President Barack Obama foresaw a quick war in Libya. That was 12 weeks ago. Last week, NATO announced another 13 weeks of military operations.“The United States is not going to deploy ground troops into Libya,” the president promised at the outset of military operations. “And we are not going to use force beyond a well-defined goal—specifically, the protection of civilians in Libya.” But with the mission’s “well-defined goal” of protecting civilians morphing into an endgame of regime change, the promise to withhold ground troops no longer seems so sacrosanct. On Saturday, NATO unleashed attack helicopters upon Muammar Qaddafi’s forces for the first time since the campaign’s launch on March 19. Russian deputy prime minister Sergei Ivanov interpreted the introduction of rotary-wing aircraft into the NATO operation as “one step before the land operation.” He explained this weekend at a military conference in Singapore, “We consider that what is going on is either consciously or unconsciously sliding towards a land operation.”
The prolonged but restrained campaign presents both a public relations and constitutional challenge for the president.
The legal and publicity problems converged in Friday’s 268-145 vote in the U.S. House of Representatives rebuking the president for bypassing Congress in launching Operation Odyssey Dawn. “The President has failed to provide Congress with a compelling rationale based upon United States national security interests for current United States activities regarding Libya,” the John Boehner-sponsored resolution reads. It calls on the president not to deploy ground troops in Libya and demands a presidential explanation for the legal basis of waging a war without congressional authorization.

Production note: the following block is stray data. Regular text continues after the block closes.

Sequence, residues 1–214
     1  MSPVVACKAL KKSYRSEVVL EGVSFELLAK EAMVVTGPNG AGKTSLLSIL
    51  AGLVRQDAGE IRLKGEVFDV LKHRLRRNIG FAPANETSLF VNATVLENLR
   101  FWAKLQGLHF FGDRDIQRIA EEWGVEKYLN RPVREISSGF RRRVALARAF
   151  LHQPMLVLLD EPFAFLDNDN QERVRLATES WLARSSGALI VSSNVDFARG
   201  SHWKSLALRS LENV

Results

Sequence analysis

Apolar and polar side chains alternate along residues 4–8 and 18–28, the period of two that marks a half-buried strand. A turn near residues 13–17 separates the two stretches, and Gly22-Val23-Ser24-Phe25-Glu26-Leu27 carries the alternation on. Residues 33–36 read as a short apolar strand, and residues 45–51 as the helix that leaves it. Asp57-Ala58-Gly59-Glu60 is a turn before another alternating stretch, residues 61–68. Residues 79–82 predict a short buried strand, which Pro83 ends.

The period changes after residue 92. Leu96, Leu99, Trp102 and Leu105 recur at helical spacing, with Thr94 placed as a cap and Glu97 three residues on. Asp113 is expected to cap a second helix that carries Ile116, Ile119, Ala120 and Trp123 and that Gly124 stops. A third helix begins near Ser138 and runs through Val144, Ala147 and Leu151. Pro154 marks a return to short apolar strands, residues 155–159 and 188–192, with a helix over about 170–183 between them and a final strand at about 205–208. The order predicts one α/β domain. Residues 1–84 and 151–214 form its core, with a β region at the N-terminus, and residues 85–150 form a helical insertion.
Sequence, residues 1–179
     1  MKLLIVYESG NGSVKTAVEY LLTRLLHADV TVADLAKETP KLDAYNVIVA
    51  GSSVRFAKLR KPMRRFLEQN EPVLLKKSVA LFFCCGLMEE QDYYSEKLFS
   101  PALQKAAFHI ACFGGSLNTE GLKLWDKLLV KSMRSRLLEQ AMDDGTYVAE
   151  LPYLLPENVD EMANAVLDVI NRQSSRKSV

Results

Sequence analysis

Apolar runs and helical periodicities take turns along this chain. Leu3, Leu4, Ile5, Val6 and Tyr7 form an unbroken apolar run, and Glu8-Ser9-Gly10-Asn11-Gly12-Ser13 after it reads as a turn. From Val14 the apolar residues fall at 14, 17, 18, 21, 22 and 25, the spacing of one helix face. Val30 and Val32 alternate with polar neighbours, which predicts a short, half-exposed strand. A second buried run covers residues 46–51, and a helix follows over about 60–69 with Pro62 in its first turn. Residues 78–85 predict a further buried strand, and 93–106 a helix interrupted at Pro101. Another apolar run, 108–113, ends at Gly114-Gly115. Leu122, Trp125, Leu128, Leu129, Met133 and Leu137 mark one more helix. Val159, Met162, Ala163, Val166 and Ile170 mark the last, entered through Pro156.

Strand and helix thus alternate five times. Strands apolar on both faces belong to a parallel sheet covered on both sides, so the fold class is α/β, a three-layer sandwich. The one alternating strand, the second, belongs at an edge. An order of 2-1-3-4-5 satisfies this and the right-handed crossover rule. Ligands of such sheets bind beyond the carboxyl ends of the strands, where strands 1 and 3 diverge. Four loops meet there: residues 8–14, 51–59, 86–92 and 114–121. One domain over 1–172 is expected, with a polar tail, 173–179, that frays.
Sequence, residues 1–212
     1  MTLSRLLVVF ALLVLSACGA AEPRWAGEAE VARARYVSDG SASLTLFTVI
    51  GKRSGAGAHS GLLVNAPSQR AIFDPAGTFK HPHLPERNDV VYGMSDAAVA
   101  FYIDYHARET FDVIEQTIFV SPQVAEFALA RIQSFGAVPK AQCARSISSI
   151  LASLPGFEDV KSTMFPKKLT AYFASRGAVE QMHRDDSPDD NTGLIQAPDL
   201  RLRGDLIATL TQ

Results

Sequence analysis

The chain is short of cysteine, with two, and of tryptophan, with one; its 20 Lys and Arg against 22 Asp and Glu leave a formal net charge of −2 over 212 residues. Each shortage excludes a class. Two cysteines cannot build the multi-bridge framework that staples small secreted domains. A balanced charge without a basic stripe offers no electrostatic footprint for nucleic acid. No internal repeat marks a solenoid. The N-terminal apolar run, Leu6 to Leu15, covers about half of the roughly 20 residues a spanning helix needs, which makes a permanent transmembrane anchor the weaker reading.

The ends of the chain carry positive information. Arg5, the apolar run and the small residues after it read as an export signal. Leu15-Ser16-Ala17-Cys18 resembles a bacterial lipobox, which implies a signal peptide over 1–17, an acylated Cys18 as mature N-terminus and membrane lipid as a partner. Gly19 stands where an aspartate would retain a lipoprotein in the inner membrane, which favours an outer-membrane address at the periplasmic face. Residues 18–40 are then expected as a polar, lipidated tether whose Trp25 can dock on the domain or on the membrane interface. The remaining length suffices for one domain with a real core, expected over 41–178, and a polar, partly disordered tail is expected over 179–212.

Candidate Obama spoke unambiguously about the necessity of the executive branch to gain congressional approval before attacking a foreign nation. In an oft-quoted interview, he told the Boston Globe in December 2007: “The President does not have power under the Constitution to unilaterally authorize a military attack in a situation that does not involve stopping an actual or imminent threat to the nation.” His secretary of state said essentially the same thing when she competed against her current boss for the presidency. But that was when a Republican occupied the Oval Office.
There isn’t even a pretense within the administration that Libya poses a threat to the United States. Outgoing Defense Secretary Robert Gates has repeatedly said as much, conceding that the North African country is neither a threat nor “a vital national interest to the United States.” Instead, humanitarian concerns provide justification for the multination endeavor.
Defending Libyans from a murderous tyrant is a noble aim. So is defending the Constitution. The process outlined by the document that governs the U.S. government delegates the power to declare war not to a solitary man but to the representatives of the people and the states. Just as 535 commanders in chief is inimical to sense and the Constitution, so too is one man deciding war and peace. One can say the Founders were against unilateralism, too—albeit of a different sort.
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